What’s more – the shop is never empty.

Even at 11 a.m. on a Tuesday, there are customers about.

Their email marketing team is also pretty good, because I get sales emails regularly, and very often that leads me to heading to their website and ordering stuff.

What I’m trying to say is – Rebel is very good at getting money from you.

Compare this to other sports stores in NZ, such as Torpedo 7 (owned by The Warehouse) or Stirling Sport. When I was heavily into triathlon, I visited Torpedo 7 quite often to buy race nutrition, but they were often out of the stuff that I wanted. More often than not, I would leave Torpedo 7 without buying anything, and the store (Sylvia Park is my local) was usually empty.

Part of this might be due to the location of that store, which is not great, but also part of it is due to the layout. It’s huge, but it’s very dark, and stuff is kind of just crammed together. When you go into a Torpedo7 store and a Rebel store one after the other, the difference is stark.

While I find the Warehouse a reasonably comfortable place to shop, that same design doesn’t translate to Torpedo 7. However, Briscoes and Rebel have a more friendly design that seems to work for both of them.

The point is – Briscoes directly competes with The Warehouse, and Rebel Sport directly competes with Torpedo7, and if I were to pick a winner, my money goes on the Briscoes-owned businesses every time.

Finally, let’s talk about Kathmandu, known formally as KMD brands.

Briscoes only owns a small 6.7% stake in KMD (they tried to buy the whole company many years ago, but it fell through) so the success of KMD is less consequential to Briscoes’ success, though still a meaningful factor.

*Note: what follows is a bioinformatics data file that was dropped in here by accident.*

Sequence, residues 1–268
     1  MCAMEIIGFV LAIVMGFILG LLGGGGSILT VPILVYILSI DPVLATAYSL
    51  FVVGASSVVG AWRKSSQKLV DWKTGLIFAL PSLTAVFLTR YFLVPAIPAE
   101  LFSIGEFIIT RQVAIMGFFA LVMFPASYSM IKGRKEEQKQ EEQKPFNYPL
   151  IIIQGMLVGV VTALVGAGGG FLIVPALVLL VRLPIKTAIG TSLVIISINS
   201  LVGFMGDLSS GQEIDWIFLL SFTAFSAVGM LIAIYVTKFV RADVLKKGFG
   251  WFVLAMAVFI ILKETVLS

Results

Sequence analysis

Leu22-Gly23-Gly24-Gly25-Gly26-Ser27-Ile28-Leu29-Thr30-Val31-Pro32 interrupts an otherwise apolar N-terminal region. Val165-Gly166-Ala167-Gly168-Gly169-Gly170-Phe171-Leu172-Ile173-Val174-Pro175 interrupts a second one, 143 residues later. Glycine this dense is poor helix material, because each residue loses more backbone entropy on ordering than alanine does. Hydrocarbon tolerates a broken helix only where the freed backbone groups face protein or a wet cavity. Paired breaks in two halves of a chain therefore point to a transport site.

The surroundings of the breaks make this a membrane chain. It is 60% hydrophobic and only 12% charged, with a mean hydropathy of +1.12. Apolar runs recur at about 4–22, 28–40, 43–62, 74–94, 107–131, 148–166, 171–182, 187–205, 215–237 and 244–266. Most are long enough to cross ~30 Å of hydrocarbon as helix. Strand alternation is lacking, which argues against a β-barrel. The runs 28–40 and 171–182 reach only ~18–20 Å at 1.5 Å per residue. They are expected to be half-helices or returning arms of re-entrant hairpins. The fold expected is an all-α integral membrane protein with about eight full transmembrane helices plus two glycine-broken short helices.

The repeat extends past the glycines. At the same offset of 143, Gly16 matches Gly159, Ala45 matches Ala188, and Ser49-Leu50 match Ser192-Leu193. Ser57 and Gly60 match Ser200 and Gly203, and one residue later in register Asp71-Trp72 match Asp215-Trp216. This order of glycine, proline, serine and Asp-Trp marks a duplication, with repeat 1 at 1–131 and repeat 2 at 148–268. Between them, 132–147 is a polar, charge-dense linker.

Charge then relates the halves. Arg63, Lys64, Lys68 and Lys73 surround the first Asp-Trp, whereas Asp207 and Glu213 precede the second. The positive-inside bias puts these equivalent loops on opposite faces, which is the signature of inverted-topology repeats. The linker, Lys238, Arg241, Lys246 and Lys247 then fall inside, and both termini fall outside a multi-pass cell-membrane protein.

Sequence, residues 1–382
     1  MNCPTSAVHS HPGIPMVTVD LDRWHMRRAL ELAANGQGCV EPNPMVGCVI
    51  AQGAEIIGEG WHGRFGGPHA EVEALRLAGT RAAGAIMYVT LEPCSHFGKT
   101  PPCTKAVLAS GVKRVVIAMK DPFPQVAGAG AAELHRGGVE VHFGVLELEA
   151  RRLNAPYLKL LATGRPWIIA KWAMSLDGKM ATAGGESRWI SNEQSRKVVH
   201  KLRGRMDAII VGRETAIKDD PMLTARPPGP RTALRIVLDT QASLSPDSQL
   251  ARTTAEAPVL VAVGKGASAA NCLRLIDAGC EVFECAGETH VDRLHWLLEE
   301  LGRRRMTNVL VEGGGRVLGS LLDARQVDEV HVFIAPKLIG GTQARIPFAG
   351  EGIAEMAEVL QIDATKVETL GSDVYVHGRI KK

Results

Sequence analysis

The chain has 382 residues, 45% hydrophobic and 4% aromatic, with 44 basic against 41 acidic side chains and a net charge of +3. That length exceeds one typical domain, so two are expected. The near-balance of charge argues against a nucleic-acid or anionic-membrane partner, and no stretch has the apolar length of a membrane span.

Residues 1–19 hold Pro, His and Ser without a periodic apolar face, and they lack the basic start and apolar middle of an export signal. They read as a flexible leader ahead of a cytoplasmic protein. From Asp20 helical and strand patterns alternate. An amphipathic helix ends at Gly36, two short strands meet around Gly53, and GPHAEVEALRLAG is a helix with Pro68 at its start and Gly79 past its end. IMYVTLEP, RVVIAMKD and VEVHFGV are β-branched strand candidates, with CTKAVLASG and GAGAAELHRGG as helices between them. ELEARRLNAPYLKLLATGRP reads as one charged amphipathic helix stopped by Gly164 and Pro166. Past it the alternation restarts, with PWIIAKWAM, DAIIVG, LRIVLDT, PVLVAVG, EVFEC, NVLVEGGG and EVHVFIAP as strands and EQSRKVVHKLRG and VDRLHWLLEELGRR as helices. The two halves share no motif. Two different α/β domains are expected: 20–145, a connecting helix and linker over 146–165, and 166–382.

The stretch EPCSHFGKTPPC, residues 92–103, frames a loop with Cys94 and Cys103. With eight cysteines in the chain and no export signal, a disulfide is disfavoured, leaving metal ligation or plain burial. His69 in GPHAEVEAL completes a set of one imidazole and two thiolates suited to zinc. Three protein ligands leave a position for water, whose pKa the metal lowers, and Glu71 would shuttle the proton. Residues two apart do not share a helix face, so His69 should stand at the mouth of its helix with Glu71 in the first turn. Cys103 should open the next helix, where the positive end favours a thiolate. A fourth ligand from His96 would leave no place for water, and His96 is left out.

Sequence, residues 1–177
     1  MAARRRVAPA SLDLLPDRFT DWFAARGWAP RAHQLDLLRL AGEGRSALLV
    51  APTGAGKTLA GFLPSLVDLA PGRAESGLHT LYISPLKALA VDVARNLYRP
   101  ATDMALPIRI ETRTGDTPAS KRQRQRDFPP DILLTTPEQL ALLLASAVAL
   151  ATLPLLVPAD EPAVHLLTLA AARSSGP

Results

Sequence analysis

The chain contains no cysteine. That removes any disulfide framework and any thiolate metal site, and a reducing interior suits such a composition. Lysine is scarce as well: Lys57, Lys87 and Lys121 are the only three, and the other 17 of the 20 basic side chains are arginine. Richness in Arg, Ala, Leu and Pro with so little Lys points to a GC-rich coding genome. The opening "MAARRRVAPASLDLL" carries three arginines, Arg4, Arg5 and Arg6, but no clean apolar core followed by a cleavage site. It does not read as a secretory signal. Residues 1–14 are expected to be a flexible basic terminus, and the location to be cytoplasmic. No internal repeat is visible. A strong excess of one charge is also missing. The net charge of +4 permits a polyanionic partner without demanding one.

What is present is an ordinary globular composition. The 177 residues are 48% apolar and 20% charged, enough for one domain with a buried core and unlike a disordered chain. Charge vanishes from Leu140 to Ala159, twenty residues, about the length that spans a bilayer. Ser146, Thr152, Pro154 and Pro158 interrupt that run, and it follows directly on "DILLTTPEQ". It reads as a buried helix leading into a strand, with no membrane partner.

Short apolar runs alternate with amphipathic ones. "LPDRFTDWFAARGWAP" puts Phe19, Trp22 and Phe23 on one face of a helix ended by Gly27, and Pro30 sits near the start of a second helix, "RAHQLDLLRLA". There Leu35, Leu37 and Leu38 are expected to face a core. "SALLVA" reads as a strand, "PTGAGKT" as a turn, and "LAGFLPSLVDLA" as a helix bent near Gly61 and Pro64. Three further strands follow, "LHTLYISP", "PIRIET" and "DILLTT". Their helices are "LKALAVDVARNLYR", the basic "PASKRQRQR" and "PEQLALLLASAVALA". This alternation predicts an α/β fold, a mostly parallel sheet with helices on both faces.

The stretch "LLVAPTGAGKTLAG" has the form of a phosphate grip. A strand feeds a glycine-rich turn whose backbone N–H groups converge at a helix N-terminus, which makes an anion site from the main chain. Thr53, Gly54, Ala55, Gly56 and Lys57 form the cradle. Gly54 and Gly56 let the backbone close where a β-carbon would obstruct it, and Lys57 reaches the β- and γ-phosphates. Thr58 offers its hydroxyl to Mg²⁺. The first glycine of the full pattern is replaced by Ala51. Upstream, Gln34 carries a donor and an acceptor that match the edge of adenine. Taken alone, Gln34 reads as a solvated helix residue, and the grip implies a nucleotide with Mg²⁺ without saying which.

Coincidentally, I’m also a long-time customer of Kathmandu – even to this day I use multiple of their products while travelling, and as a casual surfer I’m loyal to Rip Curl wetsuits. However, while I’m a big fan of the products, I’m less of a fan of the business. KMD Brands was free cash flow negative in 2022, and while things are looking slightly better in 2023, it’s hardly the cash-generating machine that Briscoes is. They’ve also been highly dilutive over the past ten years, mostly due to their acquisitions.

It’s clear to me that despite owning great brands (most Kiwis would agree Rip Curl and Kathmandu are household names in NZ) KMD lacks the disciplined management that Briscoes has.

As a minority shareholder, Briscoes is not involved in the day-to-day running of Kathmandu. They simply hold a small shareholding and receive about $2 million in dividends annually.

Now let’s look at some numbers!

Cash flow

Cash flow is always my first stop.

A business that has a lot of cash will never go bankrupt.

A business that generates a lot of cash will never go bankrupt.

And a business that does both will definitely never go bankrupt.

As the saying goes, cash is king.

So before I look at growth, before I look at profit, before I look at share price, I always want to know; does this business generate cash?